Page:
January 28, 2013
Last Friday, Bucknell University's president admitted the school had reported inflated SAT averages to U.S. News & World Report between 2006 and 2012, making it the fifth such school since the start of 2012 to go public about misreporting data, according to Inside Higher Ed. U.S. News & World Report is well-known for its annual list of college rankings, but depends on accurate, up-to-date information reported from various institutions to compile these listings.
In an e-mail sent to the Bucknell community, President John C. Bravman disclosed that the school omitted SAT calculations in math and critical reading for between 13 and 47 incoming students each of those years. Consequently, overall submitted test scores were between 7 and 25 points higher on the SAT's 1,600-point scale than they were in reality, The Daily Item reported. On average, scores from 32 students each year weren't included, increasing exam results by 16 points. Bucknell University also reported incorrect ACT scores for each of those years, resulting in averages that were one point lower than the correct figures. Bravman was apologetic for the errors.
"These numerical omissions, as relatively small as they were, violated the trust of every student, faculty member, staff member and Bucknellian they reached," Bravman wrote in the e-mail, reported Penn Live.
He also apologized to all Bucknellians for "violations of the integrity of Bucknell," Inside Higher Ed noted. U.S. News & World Report has since received updated, corrected data from the school. Bravman told Penn Live that he doesn't anticipate the new numbers will affect the school's ranking.
In his apology, Bravman also noted that he feared people would misconstrue the omitted data as coming from one group of individuals -- student athletes, students from underrepresented communities, or students who are children of significant donors, perhaps -- but that was not the case. He said omitted student scores came from different segments, and that the university would not release information about student identities.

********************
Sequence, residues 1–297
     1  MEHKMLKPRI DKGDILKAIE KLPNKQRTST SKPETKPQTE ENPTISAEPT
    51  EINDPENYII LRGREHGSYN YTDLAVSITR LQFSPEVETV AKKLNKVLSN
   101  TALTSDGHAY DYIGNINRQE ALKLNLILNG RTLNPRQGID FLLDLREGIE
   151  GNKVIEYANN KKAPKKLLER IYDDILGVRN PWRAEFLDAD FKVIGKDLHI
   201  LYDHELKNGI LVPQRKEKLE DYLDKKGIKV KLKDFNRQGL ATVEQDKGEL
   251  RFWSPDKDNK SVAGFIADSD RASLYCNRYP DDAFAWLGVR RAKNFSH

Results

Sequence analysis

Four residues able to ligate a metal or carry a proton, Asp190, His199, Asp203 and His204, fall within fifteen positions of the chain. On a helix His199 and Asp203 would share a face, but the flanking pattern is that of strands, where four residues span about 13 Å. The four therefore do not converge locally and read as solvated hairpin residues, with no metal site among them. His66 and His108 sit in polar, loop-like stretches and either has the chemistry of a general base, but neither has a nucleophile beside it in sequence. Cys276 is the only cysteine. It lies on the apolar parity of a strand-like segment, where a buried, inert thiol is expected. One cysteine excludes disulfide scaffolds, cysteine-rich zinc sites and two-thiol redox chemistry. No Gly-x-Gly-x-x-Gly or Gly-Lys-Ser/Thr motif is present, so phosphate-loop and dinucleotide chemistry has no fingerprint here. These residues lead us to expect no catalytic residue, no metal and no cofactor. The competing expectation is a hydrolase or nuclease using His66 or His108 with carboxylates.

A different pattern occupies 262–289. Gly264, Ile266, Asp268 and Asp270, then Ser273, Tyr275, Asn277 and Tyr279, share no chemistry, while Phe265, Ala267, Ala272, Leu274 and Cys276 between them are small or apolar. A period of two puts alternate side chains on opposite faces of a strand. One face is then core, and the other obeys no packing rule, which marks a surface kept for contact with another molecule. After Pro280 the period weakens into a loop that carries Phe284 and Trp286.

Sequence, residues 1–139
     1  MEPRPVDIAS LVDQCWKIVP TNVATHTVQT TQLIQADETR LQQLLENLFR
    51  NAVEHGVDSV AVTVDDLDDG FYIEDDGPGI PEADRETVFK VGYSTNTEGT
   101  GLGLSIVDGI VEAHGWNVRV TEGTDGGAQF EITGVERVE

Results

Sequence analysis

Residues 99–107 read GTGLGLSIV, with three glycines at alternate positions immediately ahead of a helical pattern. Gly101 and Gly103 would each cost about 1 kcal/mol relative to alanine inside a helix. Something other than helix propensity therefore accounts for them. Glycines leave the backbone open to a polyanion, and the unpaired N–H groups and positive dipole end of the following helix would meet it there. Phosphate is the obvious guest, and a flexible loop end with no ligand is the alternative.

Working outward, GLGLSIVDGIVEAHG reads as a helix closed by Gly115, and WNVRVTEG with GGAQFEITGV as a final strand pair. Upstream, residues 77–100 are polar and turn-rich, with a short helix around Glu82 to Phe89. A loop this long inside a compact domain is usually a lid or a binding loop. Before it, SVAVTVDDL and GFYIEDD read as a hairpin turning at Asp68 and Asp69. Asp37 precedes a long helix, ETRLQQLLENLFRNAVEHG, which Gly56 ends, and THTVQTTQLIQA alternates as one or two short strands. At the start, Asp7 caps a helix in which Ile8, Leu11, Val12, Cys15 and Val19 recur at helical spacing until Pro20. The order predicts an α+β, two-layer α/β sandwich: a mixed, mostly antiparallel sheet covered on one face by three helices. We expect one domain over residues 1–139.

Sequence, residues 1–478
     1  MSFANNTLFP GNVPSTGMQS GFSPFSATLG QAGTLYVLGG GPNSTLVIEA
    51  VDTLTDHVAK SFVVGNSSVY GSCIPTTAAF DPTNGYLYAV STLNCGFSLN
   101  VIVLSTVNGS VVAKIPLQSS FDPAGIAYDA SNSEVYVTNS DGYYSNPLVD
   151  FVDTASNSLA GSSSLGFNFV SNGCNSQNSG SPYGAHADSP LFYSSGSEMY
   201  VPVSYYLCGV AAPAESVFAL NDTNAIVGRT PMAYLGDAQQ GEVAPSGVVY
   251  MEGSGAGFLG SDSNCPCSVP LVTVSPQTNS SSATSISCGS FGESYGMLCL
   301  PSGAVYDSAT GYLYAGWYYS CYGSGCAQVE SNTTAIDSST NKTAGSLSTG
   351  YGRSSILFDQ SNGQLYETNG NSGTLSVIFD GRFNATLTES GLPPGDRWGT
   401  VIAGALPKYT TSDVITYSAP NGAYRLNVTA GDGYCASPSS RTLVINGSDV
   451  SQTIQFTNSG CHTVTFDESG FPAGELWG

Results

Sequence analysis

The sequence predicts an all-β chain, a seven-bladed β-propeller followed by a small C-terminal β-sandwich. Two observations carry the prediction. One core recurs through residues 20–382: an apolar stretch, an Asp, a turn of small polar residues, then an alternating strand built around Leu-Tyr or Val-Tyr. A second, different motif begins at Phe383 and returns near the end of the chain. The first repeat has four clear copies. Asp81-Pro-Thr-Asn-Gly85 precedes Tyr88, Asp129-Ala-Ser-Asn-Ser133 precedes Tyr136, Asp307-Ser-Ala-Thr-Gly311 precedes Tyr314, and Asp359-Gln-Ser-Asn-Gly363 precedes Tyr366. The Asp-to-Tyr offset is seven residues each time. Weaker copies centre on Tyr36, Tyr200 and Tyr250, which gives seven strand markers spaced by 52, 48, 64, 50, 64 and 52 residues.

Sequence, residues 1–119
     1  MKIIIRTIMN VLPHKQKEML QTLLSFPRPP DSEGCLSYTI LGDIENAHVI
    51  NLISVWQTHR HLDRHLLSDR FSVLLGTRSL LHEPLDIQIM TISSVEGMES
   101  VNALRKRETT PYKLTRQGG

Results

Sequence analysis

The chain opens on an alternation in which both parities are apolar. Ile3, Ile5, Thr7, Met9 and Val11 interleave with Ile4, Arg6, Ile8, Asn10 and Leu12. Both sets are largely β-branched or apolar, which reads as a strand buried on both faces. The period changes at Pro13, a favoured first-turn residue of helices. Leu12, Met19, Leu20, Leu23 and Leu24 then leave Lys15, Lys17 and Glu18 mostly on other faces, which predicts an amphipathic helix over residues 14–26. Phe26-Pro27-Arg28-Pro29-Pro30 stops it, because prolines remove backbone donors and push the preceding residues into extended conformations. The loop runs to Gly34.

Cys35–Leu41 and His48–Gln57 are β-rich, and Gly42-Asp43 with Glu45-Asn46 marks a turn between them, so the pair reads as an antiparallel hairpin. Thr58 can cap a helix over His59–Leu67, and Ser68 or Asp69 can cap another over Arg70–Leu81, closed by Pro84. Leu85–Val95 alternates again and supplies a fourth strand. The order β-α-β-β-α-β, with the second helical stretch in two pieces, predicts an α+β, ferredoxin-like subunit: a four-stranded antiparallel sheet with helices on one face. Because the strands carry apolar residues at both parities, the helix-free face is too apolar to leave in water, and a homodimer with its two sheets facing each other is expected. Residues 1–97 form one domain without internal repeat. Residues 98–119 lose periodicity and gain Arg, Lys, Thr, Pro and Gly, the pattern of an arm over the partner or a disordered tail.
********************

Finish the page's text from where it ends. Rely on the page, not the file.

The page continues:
According to Penn Live, error came to light after Bill Conley, the school's new vice president for enrollment management, discovered this year's average SAT scores for incoming freshmen were about 20 points lower than last year's, according to Inside Higher Ed. He did further investigation and noted a pattern of false reporting.
Bravman said he believes only one employee was responsible for the erroneous scores and that that particular individual is no longer employed at Bucknell. Although he tried to discern more about why the individual made those particular errors in reporting, no further light was shed.
"I'm very frustrated," Bravman told Inside Higher Ed about discussions he had with the staff member.
As stated earlier, Bucknell University is not the only school to come forward about misreporting data. Claremont McKenna College, Emory University and George Washington University all reported providing inaccurate undergraduate admissions data to U.S. News & World Report in 2012. The business school at Tulane University also did the same with regards to MBA admissions.
Compiled by Doresa Banning
"Bucknell comes clean on inflated SAT scores," dailyitem.com, January 26, 2013, Bill Foley
"Bucknell University apologizes for reporting incorrect SAT scores," pennlive.com, January 26, 2013, John Beauge
"More False SAT Averages," insidehighered.com, January 26, 2013, Scott Jaschik